Seahawks Sherman and Baldwin United By Adversity, Competitive Edge
50 yard line on an american football field
There are not many father and son combinations playing in the NFL. In fact, there may only be one, and it is on your very own Seattle Seahawks. The father, Richard Sherman, is the feisty fifth-round draft choice from 2011. He had his son out of wedlock. You could even say it was an immaculate conception. Doug Baldwin entered Stanford as freshman wide receiver, and became Sherman’s “son,” as is the tradition for Cardinal players. Sherman was still a receiver at the time, so the match made sense. The irony is that their position has become one of the most defining differences between the two.
Both players faced tough times while at Stanford. Baldwin nearly gave up football after being assigned to the scout team his junior year. Sherman switched from receiver to cornerback after a similarly challenging situation with then Stanford coach Jim Harbaugh. The shared experience brought the two players closer together.
Baldwin did not get drafted, and had his choice of 20+ teams to sign with as a free agent. Sherman’s presence in Seattle was part of what made Seattle his eventual choice.
“I know [Sherman] had been heavily on my bandwagon talking to [John] Schneider and Pete Carroll,” Baldwin said. “It definitely played a role in my decision.”
The two roomed together last season as rookies before Baldwin moved out earlier this year, but not because of any strain in the friendship.
“We’re two grown men,” Baldwin said. “It was just time to live on our own.”
The level of competitiveness under that roof had to be off the charts.
“We were like clones of each other [at Stanford],” Sherman said. “We played with anger and intensity.”
When asked who he would compare Sherman to, Baldwin offered a surprising name.
“As far as confidence goes, I’d compare him to Muhammad Ali,” Baldwin said. “They have similar mouth power, and both of them back it up out there.”
Pressed to come up with a football comparable for Sherman, Baldwin came up empty.
“Richard Sherman is in a class of his own,” Baldwin said. “He is one of the best corners I have ever faced. He has an uncanny ability to be in the right place at the right time. He is long, and sometimes looks goofy out there, but has phenomenal body control. There is nobody really in the league like him. He’s a phenomenal press corner, but is smart enough to read routes.”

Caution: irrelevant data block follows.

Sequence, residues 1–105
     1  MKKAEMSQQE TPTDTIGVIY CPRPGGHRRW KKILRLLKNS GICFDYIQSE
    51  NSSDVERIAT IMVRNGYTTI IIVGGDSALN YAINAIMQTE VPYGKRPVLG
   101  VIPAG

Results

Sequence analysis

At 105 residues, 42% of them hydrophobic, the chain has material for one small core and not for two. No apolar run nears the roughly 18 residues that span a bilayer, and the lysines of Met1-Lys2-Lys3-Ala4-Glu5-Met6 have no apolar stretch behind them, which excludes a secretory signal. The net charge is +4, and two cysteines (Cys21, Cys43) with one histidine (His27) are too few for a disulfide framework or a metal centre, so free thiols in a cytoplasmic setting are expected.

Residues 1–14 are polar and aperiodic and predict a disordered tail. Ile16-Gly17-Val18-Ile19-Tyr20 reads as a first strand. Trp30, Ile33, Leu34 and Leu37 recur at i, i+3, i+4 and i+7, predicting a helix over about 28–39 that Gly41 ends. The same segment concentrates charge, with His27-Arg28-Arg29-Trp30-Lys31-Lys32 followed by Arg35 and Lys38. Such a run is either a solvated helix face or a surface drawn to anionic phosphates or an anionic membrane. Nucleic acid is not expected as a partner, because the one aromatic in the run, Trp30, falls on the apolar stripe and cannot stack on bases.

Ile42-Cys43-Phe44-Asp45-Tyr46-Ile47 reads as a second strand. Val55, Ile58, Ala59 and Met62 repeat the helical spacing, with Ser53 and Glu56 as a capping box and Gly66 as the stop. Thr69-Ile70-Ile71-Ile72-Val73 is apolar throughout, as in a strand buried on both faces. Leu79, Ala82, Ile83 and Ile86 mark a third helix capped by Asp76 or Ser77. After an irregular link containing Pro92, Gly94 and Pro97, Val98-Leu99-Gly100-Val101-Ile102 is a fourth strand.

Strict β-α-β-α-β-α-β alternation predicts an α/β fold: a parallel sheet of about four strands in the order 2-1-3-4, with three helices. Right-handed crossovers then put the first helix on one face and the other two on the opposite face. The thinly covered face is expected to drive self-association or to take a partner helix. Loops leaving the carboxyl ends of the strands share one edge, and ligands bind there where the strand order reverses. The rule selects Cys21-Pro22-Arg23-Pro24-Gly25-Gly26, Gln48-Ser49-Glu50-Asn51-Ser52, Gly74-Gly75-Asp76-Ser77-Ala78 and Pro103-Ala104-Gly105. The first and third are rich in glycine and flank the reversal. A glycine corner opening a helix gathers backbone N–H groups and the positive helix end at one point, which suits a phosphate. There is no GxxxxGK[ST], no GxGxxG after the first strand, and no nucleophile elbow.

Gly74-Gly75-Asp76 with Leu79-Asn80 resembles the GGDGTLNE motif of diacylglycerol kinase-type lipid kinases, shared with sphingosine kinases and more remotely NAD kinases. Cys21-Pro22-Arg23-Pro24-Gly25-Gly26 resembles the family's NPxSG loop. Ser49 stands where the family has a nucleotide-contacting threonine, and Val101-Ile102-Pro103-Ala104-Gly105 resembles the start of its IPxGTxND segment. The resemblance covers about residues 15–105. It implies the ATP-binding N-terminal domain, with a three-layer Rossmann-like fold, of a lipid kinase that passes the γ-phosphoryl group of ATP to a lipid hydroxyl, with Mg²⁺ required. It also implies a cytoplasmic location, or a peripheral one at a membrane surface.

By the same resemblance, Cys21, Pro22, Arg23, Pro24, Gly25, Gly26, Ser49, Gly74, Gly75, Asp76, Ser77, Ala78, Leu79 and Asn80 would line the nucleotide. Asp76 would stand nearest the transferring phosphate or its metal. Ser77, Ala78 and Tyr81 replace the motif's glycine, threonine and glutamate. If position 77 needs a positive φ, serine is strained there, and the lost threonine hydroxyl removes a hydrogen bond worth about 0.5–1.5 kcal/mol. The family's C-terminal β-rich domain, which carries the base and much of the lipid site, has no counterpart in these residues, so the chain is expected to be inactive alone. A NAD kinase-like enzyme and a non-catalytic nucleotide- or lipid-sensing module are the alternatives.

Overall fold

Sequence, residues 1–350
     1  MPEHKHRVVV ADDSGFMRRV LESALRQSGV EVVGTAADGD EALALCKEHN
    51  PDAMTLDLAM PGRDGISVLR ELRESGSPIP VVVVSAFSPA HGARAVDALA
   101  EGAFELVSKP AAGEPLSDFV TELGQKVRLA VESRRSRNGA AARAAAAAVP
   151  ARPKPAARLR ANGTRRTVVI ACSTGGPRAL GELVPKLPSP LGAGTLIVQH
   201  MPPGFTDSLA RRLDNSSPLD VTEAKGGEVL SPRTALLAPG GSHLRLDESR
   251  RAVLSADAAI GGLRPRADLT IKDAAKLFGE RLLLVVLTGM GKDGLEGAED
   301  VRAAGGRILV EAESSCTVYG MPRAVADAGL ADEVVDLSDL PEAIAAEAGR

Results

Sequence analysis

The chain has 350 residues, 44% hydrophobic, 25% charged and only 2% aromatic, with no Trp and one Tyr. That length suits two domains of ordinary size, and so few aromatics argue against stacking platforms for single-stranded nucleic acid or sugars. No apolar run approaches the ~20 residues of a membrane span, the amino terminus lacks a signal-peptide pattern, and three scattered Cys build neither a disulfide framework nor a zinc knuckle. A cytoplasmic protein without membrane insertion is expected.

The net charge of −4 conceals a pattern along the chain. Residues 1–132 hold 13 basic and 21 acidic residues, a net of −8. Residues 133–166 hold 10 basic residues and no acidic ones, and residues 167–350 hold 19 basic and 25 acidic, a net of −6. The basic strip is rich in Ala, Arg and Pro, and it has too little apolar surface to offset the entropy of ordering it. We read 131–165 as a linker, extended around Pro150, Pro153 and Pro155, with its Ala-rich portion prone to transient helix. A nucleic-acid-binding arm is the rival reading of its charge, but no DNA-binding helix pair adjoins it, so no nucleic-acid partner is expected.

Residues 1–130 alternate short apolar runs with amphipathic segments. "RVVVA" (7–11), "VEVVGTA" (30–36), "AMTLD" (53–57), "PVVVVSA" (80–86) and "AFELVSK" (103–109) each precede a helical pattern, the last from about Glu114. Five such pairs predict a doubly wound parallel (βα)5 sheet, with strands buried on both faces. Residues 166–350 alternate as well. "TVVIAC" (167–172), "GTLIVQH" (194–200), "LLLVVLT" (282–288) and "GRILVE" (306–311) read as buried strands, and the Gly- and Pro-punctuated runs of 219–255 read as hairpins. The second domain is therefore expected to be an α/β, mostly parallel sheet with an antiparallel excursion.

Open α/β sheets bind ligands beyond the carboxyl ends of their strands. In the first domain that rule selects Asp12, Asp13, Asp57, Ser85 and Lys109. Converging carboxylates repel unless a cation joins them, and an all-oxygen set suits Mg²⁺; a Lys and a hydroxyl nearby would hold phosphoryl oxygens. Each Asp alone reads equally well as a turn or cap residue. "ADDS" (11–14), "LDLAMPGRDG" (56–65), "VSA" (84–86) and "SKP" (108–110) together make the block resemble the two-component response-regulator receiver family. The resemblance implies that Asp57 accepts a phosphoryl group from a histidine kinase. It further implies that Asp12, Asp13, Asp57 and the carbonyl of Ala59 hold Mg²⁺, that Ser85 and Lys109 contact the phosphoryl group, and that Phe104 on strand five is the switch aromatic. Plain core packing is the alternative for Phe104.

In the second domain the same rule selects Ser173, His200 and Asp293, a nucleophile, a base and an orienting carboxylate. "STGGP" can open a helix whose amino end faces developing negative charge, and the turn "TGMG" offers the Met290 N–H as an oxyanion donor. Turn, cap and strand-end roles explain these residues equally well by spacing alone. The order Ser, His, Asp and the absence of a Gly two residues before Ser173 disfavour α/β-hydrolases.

The respect is mutual.
“I think [Baldwin] can be one of the best,” Sherman said. “He is only limited by how the team uses him. You can only catch balls thrown your way. He can play outside even though people think he’s just a slot receiver because he’s short. Steve Smith plays outside at his height, and Doug has a similar skill set. They’re both wearing #89 now, so people will really see the similarities.”
So you have a great cornerback and a great receiver. Hmm, who would win a one-on-one battle if they went 10 rounds?
“Sherm would probably say 50/50, 5 out of 10 for each of us,” Baldwin said. “The truth is I would win 8 or 9 out of 10.”
“Nah. He would not win 8 or 9 out of 10. I would never let him do that,” Sherman said. “I could win 10 out of 10, but on 7 out of the 10, he would throw his hands up and call [pass interference].”
Two kids, separated by 3000 miles, growing up in Florida and California, somehow found each other and became close friends. They have struggled together, and won together. Now, they are living out their NFL dreams together. It may not be a true father and son combination, but their shared traits seem almost genetic. Both players had almost impossibly impressive rookie seasons. They made an impact so quickly that it is hard to believe they will only be entering their second seasons. Wide receiver and cornerback are two positions that tend to struggle as rookies in the NFL before making a large jump in year two. If a large jump is in store for Sherman and Baldwin, they will go from surprising late-round or undrafted additions to two of the best players on a talented Seahawks roster.